Forefoot varus and patellofemoral cartilage damage.

So you just give everyone a FOOT TRIPOD and ANKLE ROCKER exercise and think the world will all be sunshine and rainbows huh ? Beware all you movement wizards, there is far more to it !

"Knowing enough to think you're doing it right, but not enough to know you're doing it wrong." - Neil deGrasse Tyson

So your client has knee pain huh ? Look far and wide, this is a global game amigos.
"Of the 51% of limbs with forefoot varus, 91.3% had medial and 78.3% had lateral PFJ cartilage damage. . . . . this study suggest a relationship between forefoot varus and medial PFJ cartilage damage in older adults"- Lufler et al. (study link below)

*If you do not know your client has a rigid forefoot varus, and they have hip or low back pain and cannot keep their glutes activated and participating in movements, how long are you going to fail your client ? The forefoot varus may need addressed because of the excessive, abrupt degree of internal spin on the limb.

If you are truly going to treat people, people who move (yes, that means everyone !), you have to know feet and gait, BOTH. Your knowledge must go far past rudimentary knowledge of:
- high / low arch
- flat feet
- prontation and supination
- orthotics and footbeds

You will have to know your foot types, you will have to understand shoe anatomy, foot anatomy, flexible semi-flexible and rigid foot types, compensated and uncompensated foot types, and of course know how each of these responds under various loading responses. Forefoot varus will load differently in cutting sports than in sagittal locomotion such as walking and running (both of which are different even in themselves despite both being sagittal). A foot that looks like it has a flat collapsed arch has far more to it than that, and thus remedy and intervention MUST go far beyond rudimentary interventions like a "stability shoe" or orthotic. Are you practicing, coaching, training and being part of your client's solution, or are you part of the problem ? If you want to get better at this stuff, we cover it all in our several hour (very difficult for some) National Shoe Fit program (the link is on our website if you wish to become a foot/gait/shoe Do not be mistaken, this is far more than "shoe Fit". To know how to properly shoe fit someone, you have to know the foot types and how they compensate, load, and respond. Without this knowledge, you are just another bump in the "road of problems" without ample solutions.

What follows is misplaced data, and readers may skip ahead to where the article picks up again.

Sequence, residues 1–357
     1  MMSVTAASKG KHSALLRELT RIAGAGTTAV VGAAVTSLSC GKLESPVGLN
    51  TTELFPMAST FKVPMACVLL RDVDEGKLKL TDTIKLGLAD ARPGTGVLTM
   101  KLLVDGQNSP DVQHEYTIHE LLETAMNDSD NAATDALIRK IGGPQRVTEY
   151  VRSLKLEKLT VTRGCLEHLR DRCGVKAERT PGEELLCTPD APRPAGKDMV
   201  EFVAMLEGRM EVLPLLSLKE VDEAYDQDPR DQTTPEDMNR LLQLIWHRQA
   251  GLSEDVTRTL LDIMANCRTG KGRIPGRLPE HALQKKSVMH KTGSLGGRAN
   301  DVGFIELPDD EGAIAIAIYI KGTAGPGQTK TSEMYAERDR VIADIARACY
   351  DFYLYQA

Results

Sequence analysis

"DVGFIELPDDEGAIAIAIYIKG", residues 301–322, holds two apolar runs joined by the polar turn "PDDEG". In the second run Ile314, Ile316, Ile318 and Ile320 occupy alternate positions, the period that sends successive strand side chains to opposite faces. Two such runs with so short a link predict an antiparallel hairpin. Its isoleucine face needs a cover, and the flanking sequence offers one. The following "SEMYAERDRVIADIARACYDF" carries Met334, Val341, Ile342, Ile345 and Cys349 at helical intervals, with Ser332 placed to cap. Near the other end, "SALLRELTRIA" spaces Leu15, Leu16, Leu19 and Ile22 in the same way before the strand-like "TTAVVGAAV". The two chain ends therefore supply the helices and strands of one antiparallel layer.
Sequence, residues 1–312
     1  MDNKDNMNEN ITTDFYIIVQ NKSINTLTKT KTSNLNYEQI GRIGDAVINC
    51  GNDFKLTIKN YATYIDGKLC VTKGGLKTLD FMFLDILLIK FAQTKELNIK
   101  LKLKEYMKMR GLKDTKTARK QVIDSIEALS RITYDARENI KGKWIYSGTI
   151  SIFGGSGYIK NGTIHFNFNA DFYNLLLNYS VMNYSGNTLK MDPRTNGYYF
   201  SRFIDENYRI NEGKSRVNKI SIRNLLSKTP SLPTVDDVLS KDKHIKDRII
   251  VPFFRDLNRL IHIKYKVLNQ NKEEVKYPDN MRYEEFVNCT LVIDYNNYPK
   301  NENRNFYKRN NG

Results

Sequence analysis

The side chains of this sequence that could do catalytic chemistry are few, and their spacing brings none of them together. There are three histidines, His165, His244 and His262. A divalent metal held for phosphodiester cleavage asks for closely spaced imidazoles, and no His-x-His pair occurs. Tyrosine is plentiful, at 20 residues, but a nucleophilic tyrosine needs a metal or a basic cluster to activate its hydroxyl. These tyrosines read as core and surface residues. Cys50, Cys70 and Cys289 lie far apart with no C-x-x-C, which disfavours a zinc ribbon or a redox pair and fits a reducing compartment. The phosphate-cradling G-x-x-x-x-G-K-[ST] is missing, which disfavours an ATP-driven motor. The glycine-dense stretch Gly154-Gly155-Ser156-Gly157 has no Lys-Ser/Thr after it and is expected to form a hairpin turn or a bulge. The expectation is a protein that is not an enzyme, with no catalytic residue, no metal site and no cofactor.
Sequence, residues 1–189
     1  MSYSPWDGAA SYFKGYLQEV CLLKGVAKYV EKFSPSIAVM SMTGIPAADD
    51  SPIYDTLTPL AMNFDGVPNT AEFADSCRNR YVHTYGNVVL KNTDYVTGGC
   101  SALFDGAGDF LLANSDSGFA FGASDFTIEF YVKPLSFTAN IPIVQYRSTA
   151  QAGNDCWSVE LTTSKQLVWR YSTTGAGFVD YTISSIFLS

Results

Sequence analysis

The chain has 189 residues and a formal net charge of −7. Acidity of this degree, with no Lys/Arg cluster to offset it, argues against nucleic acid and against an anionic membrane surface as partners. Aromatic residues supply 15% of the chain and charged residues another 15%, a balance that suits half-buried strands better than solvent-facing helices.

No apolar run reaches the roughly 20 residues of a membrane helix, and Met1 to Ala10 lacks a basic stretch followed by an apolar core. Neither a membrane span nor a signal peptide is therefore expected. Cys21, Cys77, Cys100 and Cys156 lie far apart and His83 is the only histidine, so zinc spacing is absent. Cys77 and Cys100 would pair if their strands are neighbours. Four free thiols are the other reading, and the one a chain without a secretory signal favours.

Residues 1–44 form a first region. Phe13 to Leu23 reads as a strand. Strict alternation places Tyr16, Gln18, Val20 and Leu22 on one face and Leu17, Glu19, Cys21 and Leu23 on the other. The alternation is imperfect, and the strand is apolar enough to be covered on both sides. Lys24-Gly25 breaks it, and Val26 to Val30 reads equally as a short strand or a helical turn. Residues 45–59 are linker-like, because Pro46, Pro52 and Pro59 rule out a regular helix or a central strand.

- Dr. Shawn Allen, one of the gait guys

The Association of Forefoot Varus Deformity with Patellofemoral Cartilage Damage in Older Adult Cadavers. Lufler, Stefanik, Niu, Sawyer, Hoagland, Gross

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